CashSwap vs WeSwap Currency Exchange Breakdown

CashSwap vs WeSwap Currency Exchange Breakdown

In the past, we’ve explained how CashSwap facilitates peer to peer currency exchange at the airport using our traveler network. We’ve explained what makes CashSwap different from traditional currency exchange companies like Travelex and Moneycorp. Today we need to explain how CashSwap is different from another company that you just might have gotten confused about, WeSwap. Based on the names, you might think that WeSwap and CashSwap are similar companies with a similar business model. They are not.

Business Model

While CashSwap has actually revolutionized the way that travelers exchange currency by eliminating the legacy business model and its high priced middlemen, WeSwap is has simply taken the legacy business model and moved it online. 

CashSwap does not actually handle currency in any way. As a result, the overhead required to run the service is comparatively very low. CashSwap simply manages a traveler network that let’s people connect with each other to perform their own currency exchanges. Because it has low costs, all of that savings is passed right down to the traveler in the form of presenting the real exchange rate with a very low, flat connection fee of $3.99 per swap (currently waived).

Conversely, WeSwap has a very complex business process which actually requires the storage and handling of money. When you sign up, it’s more akin to opening a new bank account. Funds are deposited and a bank card/credit card is issued by mail to provide access to those funds. You can paint a pretty picture of the final steps and show a customer simply using a debit card to make a purchase overseas, but it’s not that simple and travelers are being vocal about it.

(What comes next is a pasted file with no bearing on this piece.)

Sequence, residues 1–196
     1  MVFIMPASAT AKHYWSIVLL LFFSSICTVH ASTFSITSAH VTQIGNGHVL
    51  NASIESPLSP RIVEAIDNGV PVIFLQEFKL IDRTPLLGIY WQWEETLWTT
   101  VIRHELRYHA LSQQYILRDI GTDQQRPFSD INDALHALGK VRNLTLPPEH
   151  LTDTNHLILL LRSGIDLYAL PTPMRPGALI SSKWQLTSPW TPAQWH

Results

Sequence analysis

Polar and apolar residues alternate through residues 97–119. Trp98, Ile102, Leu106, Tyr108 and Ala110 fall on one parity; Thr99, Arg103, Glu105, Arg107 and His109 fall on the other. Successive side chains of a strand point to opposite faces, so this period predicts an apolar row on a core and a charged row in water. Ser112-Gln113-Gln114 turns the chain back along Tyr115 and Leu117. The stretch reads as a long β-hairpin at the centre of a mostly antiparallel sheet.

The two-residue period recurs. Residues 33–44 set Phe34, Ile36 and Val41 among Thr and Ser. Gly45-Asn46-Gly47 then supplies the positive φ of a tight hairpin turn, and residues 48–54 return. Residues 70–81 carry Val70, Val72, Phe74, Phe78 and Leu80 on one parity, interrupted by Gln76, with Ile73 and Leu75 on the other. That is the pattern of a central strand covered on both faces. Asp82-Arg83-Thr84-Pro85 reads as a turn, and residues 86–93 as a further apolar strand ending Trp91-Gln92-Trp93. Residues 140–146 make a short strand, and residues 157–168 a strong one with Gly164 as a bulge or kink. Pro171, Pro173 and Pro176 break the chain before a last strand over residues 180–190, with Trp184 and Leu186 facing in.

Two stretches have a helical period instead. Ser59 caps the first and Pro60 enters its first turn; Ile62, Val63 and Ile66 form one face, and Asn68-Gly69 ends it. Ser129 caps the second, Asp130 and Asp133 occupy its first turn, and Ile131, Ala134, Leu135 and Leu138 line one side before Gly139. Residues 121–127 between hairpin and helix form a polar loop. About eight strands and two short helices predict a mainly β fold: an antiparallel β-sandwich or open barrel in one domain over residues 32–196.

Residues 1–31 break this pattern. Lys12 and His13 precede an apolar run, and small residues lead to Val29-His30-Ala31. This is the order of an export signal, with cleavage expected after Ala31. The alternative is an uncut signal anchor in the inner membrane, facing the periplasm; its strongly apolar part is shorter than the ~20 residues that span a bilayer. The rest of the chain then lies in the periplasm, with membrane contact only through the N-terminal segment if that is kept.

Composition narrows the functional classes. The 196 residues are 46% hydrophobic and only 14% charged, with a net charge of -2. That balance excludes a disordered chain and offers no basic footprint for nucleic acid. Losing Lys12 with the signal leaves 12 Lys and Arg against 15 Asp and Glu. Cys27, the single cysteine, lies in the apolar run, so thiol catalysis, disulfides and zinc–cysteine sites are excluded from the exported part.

Because WeSwap operates more like a bank, it is subject to regulations fitting a financial institution. These regulations vary from country to country and require bright minds to navigate. New currencies can only be introduced once all regulations have been satisfied. CashSwap can swap into all currencies worldwide vs. only 18 for WeSwap. WeSwap also has high costs to physically manage the customer accounts along with the brick and mortar-ish mailing of travel cards. The money to pay for all of this needs to come from somewhere. Just like the legacy currency exchange companies, WeSwap modifies the exchange rates and charges exchange fees that are a percentage of the transaction amount.

Currency Exchange Rates

When using CashSwap, the actual exchange rate is the rate shown to travelers. Travelers are encouraged to Google the rate to double check it.

From the WeSwap website, “We use the Interbank/mid-market rate (or Xe.com rate) as a reference to set our rate.” WeSwap doesn’t offer travelers the real exchange rate. They set their own. Like Uber, they also have something similar to “surge pricing” where they add surcharges to the exchange rate based on volume. Again, from their website, “from time to time, we’ll add a small surcharge to that rate. This will never ever be more than 2.5%.”